A couple years ago I hiked Blanca and Ellingwood. That time we hiked and camped at Lake Como to get an early start the next morning. Set back quite a number of hours in order to fulfill our human duty of carrying out an injured climber, we were lucky to still make both peaks thereafter: Here's that trip report.. The next year, I returned to Mt. Lindsay (poorly prepared without an axe or traction) and got spooked in the gully. With Little Bear being the "only" peak left in the Blanca group, it was a must for me this year. This time, however, I had to go solo and decided to make a day trip out of it.
Around 6pm on Thursday night, I checked the weather and decided to pack my gear and drive to the base of the nasty Como Road. The goal was a 2am start to avoid any storms and potentially avoid any other groups that may try to strike me out in the hourglass. Instead, I over-abused the snooze function and was not on the "road" until 6! Getting to the TH at 10pm the night earlier was going to be asking a bit much for a 2am start. I kept the weather in mind and continued to aim for milestones (not the summit).
I put on some tunes and booked it up to Lake Como. No alpine start by any means, but I had to make up for it. In about 2 hours I was at Lake Como.
Little Bear glared out by the sun. I checked in with my emergency contact and informed them I was about to ascend the first couloir south of Lake Como. The cairned exit was an easy find as I had recalled from a couple years ago. The ascent up the couloir was quick and relatively painless. As long as you stick to a side with solid rock, you can avoid the half-step scree charging. After making it up to the notch, I noticed clouds forming to the north so I got on my phone (pretty much good signal on the entire route) and checked the radar. All was green, so I pushed. I ran into a group of three guys descending the ridge towards the notch who informed me I was the only one (after them) on the route. Very thankful for this as this is really what makes the hourglass dangerous (as everyone knows).
Getting closer to the base of the hourglass, I began looking for a set of trekking poles I'd been PM'ed about. Sure enough I found them so I decided to leave mine at the cairn as well to begin the class 3/4 stuff. The base of the hourglass was not bad - dry and pretty solid. Approaching the controversial fixed rope, moves started to get a bit harder, but again still solid rock as long as you test holds. Ascending the left side provided better holds. I made sure to inspect the rope as I ascended to get an idea whether or not it was worth hooking into on the descent. Overall, it was in great shape and so was the anchor.
At the anchor, I turned left to continue up the unclear remainder to the summit. There was quite a bit of loose stuff that could easily make its way to the hourglass, so special care to find solid ground was made. Lots of fun 3/4 (and even some quick 5) moves were made until I started to make out the infamously gnarly summit. I topped out at 11 - five hours from the 2WD TH and could not have been more happy with a summit. I was enthralled by the views and ecstatic to see the mostly clear skies that were most certainly going to make for a dry descent. Took in the views, updated my contact, and made my way back down. Downclimbing was easy enough to face forward which also made it easier to cautiously avoid sending debris down. I yelled down to ensure no one was ascending, but still took care with each step. Anyway - enough blah blah, here is a pano shot followed by some pics: PANORAMA OF LITTLE BEAR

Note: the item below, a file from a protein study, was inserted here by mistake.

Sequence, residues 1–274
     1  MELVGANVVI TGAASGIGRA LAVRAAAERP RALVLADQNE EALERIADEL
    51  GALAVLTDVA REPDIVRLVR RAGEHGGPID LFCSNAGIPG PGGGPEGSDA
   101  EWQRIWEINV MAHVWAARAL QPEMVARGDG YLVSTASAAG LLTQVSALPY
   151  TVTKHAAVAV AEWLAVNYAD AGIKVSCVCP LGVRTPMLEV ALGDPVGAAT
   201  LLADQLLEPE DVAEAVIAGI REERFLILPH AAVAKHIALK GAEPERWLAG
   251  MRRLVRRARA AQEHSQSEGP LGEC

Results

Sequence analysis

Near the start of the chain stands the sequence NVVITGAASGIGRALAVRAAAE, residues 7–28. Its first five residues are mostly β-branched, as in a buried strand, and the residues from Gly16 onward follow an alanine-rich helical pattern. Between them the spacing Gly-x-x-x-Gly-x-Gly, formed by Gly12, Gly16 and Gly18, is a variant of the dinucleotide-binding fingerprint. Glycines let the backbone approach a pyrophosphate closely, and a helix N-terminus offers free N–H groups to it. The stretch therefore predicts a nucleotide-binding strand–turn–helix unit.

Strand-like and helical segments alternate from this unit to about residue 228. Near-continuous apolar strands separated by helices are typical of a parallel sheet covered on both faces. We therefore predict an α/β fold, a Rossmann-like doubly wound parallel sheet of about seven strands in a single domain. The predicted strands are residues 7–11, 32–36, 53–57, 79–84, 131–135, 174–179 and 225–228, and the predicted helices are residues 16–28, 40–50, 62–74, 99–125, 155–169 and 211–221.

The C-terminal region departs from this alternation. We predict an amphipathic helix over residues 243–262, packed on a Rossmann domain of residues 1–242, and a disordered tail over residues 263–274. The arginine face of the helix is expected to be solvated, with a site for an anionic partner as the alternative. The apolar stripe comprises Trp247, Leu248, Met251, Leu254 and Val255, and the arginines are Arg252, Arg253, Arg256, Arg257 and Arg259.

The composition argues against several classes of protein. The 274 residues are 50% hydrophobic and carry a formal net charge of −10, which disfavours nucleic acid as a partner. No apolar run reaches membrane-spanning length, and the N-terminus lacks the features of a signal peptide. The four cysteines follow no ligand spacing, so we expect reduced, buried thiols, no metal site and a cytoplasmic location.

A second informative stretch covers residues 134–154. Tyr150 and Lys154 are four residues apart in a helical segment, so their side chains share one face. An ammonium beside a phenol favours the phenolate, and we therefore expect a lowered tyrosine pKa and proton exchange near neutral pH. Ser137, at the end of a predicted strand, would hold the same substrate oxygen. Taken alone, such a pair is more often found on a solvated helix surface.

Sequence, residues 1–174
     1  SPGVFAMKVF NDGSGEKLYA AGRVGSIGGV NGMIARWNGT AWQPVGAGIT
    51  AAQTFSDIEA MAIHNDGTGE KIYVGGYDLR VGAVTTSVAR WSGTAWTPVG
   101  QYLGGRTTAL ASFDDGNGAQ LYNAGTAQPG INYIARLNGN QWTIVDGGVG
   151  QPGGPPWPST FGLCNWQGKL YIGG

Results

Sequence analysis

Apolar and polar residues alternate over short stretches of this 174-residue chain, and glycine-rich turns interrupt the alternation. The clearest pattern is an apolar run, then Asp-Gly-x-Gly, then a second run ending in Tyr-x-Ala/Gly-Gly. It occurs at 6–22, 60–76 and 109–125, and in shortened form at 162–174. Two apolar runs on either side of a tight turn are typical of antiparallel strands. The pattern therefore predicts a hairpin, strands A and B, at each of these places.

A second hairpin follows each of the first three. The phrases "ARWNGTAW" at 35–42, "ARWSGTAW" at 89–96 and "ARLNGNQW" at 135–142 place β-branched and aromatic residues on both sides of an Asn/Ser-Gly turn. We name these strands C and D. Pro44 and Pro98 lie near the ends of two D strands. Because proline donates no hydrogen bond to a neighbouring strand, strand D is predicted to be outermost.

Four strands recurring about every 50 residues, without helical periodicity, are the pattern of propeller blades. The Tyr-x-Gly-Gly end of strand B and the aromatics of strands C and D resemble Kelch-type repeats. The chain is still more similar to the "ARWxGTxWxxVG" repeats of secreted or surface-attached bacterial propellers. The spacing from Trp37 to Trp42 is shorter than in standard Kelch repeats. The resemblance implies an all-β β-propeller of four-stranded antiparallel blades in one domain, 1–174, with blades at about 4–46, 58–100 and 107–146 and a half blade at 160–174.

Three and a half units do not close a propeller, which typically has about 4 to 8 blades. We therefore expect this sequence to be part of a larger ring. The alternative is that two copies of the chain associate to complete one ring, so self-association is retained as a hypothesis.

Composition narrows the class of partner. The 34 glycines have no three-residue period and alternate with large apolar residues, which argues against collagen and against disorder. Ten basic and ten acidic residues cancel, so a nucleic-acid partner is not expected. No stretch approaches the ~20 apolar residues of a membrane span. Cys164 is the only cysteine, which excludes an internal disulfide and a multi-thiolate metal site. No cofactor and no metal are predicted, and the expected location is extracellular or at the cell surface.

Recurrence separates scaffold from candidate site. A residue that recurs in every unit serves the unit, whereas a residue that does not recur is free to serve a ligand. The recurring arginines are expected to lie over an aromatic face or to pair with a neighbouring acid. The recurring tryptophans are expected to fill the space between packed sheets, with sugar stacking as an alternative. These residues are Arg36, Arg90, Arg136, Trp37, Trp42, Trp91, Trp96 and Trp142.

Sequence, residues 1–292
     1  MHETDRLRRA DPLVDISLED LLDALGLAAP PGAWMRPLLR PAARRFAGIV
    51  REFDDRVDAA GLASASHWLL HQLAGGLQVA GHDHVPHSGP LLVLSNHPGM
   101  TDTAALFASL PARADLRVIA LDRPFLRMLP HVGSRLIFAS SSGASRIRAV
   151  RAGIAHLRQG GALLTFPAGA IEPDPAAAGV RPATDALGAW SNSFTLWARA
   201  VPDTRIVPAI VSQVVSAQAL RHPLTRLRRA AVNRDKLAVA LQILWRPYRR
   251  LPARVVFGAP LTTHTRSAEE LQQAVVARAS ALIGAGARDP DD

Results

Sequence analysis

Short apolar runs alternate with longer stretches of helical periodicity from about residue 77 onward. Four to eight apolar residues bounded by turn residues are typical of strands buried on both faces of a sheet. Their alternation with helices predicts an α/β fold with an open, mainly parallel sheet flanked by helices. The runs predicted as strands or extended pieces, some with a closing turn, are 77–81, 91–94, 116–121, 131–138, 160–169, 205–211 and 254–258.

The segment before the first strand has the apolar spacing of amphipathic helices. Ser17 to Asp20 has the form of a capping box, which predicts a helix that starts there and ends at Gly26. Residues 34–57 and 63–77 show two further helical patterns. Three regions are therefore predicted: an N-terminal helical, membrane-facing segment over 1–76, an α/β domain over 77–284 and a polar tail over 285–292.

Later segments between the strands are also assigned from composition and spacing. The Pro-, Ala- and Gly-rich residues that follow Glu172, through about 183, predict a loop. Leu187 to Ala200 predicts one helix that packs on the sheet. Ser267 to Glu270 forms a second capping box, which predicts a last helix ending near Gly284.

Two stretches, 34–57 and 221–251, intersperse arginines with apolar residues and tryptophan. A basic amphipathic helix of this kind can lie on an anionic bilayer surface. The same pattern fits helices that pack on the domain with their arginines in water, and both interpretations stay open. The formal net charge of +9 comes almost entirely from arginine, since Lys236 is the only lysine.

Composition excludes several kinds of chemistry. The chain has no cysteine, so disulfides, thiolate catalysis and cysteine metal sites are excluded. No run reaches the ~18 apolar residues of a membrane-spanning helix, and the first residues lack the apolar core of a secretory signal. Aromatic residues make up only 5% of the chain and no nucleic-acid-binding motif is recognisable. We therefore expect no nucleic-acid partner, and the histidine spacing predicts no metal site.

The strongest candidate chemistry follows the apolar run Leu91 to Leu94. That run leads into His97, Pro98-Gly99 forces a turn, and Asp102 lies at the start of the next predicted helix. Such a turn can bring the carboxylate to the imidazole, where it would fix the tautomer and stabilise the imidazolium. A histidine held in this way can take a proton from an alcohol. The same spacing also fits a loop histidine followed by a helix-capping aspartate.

A summit bringing beauty and absolute joy.
Blanca and Ellingwood Pt..Evokes good memories.
Lindsay peering in the background.
Towards the plains.
The first summit post I've seen in good shape. Proof that the difficult peaks don't see as many hoodrats.
At the top of the hourglass with the anchor.
The ever-so-controversial fixed rope. Should state: your life is literally on this line - use at your own risk.
Last look at the gnarly LB.
Amazing view from Blanca, CO
To finish things up the story ends as a tragedy, but only for tbaileymd's and my poles. I believe I stayed too high on the ridge, although still following a cairned route. I could not locate the poles and after making it to the notch/top of the couloir, I decided going back up was not going to happen. Unless anyone is genuine enough (or knowledgeable for that matter) to find their owners, they shall remain guardians of the hourglass.
On a serious note, I dedicate this trip to Kevin Hayne. I didn't know him but he was in my thoughts on the entire trip. May his spirit live on beyond any mountain or tale.